This work has been published in the Teen Ink monthly print magazine. This piece has been published in Teen Ink’s monthly print magazine.





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This article has 136 comments. Post your own!

unknownwriter said...
Nov. 10, 2010 at 4:40 pm:

I JUST DOT GET IT WHY DO THEY DO IT ?!?!?!?!?

 

 
bonez2k12 replied...
Aug. 1, 2011 at 4:22 pm :

sometimes it's planned, but other times it was a mistake i.e. condom broke, or unfortunately, they were raped

 

 
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mexiican said...
Nov. 10, 2010 at 11:21 am:
shut upp u annoying orange. i dont care if u like a bacon. this is serious and ur just pathedic
 
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The Annoying Orange said...
Oct. 19, 2010 at 12:59 pm:
I like BACON!!!! HAHAHA
 
Kaitou_Kid This work has been published in the Teen Ink monthly print magazine. replied...
May 27, 2011 at 11:19 pm :
Well you're mature aren't you?
 
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absolute9 said...
Oct. 16, 2010 at 12:29 am:
my g/f talks about having a baby alot, it gets me all worked up because she is just 19, has no job, has not got her drivers license yet and it seems that having a baby is on the top of her to-do list... and me, im like i want the best for my kids, i can hardly feed myself, pay for my expenses... how the heck would a baby fit into my life? yeah... it wouldnt. explaining this to her never seems to stick because she will bring it up a few days later, then i explain all the reasons why it would... (more »)
 
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IamtheStargirlThis teenager is a 'regular' and has contributed a lot of work, comments and/or forum posts, and has received many votes and high ratings over a long period of time. said...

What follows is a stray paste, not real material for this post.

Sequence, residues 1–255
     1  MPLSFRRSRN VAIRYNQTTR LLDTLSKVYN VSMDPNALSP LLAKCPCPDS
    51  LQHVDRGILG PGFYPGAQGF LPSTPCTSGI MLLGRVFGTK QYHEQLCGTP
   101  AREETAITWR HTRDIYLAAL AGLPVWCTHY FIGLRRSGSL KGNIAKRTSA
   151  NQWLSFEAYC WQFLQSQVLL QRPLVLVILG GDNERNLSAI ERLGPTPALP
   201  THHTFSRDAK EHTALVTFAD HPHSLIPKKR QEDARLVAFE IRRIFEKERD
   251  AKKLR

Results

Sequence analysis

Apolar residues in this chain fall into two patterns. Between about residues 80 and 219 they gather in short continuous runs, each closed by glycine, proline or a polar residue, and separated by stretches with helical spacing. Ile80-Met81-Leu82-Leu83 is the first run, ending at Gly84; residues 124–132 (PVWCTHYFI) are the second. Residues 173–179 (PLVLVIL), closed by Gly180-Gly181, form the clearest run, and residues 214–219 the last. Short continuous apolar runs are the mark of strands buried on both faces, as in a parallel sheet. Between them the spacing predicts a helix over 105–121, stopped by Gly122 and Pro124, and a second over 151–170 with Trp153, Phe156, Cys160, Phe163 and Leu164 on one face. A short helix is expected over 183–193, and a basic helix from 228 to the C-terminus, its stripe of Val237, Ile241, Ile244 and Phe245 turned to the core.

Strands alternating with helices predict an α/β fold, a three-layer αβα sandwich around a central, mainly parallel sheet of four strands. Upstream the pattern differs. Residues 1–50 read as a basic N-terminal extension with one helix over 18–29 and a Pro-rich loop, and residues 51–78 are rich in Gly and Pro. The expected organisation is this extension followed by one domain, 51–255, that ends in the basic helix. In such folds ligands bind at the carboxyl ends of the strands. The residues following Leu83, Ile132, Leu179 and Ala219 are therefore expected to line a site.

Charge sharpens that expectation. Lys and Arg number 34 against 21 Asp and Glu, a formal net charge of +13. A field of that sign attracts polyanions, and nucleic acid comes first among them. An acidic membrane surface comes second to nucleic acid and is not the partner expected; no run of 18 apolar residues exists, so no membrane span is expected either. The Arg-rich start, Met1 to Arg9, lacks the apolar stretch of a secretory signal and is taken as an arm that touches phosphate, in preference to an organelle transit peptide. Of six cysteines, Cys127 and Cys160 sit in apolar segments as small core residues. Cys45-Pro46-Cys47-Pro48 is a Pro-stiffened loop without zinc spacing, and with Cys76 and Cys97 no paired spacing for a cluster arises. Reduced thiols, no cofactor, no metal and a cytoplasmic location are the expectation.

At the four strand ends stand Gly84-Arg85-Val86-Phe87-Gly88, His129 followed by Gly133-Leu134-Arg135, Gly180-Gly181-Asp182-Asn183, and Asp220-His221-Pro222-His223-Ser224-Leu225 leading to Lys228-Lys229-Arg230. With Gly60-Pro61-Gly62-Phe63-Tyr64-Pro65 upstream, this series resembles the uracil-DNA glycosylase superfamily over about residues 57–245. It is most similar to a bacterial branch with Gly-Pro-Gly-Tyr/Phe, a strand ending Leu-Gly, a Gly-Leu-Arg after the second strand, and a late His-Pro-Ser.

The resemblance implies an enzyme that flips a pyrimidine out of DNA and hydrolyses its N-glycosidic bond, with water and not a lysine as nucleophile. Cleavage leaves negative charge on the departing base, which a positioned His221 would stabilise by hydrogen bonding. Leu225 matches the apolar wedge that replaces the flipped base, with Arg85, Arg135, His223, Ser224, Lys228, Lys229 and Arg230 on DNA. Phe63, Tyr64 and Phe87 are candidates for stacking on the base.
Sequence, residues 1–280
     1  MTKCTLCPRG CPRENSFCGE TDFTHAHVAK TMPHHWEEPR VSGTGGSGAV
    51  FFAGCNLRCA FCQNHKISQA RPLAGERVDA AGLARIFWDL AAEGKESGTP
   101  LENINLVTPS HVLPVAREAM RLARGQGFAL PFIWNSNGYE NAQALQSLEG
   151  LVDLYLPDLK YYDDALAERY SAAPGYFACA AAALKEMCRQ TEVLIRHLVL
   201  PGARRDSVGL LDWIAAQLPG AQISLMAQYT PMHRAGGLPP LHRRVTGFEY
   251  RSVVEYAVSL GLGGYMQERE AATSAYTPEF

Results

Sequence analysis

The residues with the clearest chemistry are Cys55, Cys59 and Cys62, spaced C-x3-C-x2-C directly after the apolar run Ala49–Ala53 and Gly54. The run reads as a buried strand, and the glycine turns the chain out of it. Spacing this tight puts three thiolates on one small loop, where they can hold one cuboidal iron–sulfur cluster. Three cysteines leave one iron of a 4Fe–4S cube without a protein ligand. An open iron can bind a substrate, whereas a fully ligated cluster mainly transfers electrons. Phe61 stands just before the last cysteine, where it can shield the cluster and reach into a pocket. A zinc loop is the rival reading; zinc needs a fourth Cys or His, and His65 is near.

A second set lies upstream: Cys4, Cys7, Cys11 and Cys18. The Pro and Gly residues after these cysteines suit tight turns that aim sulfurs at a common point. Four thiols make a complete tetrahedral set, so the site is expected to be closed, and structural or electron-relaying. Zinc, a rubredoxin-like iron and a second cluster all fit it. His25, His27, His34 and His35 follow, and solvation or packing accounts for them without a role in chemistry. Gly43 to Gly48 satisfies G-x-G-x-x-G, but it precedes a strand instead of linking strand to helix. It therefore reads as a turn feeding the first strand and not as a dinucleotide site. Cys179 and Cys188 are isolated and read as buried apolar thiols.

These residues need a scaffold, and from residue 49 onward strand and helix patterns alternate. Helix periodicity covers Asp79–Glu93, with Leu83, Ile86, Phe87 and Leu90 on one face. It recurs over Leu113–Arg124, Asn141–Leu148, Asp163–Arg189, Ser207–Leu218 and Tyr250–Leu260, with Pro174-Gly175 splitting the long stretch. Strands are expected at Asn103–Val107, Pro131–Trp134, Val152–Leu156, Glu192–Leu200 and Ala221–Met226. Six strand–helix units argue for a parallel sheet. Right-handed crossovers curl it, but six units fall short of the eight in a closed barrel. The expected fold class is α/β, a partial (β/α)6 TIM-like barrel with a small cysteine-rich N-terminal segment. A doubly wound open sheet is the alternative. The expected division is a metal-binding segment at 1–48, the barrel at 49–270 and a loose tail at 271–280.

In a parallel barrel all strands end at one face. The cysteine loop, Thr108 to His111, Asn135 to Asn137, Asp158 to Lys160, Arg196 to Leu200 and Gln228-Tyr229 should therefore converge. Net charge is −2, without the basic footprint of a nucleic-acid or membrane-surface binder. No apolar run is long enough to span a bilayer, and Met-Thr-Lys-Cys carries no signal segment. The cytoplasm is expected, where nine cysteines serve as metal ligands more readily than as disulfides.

Sept. 27, 2010 at 5:23 pm:

Not stop, but teach and educate. I realized many years ago that a child changes your life forever, you never get the life before you had a child back. There's the eighteen years of it living with you, then the countless years of it visiting, asking for money, having kids of its own.

I've never thought it's bad for a teen to have kids early, it does make things a lot harder for them, and, somtimes, their family. Don't be judgemental.

 
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. said...
Sept. 5, 2010 at 4:28 pm:
I agree. I sympathize with teen mothers. It's not a GLAMOROUS thing. It all looks great and noble on TV, but it's painful, and odds are it will ruin your life.
 
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ThisBreRulezYouSonnn said...
Sept. 5, 2010 at 7:23 am:
I hate the shows about them--glamorizes them even more! I love this article!! This was a topic that NEEDS to be touched upon!
 
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inyouratmosphere said...
Aug. 14, 2010 at 10:55 pm:
I tottaly agree with this article! It doesn't help that reality television shows like Teen Mom make teen pregnancy look like fun! These girls got pregnant in High School and got to starr in a reality tv show on MTV.
 
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ForeverFaith said...
Aug. 14, 2010 at 10:26 pm:
not to mention it is DANGEROUS!! my friend got pregnant and she got very sick. she had severe preaclampsia and her pelvic bone wasnt fully grown so she had to have a c-section. when she was in the operating room she lost a lot of blood and  it took the doctors 4 hours to stabalize her. she now has a leaky heart valve and being a single mom hasnt been easy for her even with the support of her family
 
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unicorn said...
Aug. 14, 2010 at 9:23 pm: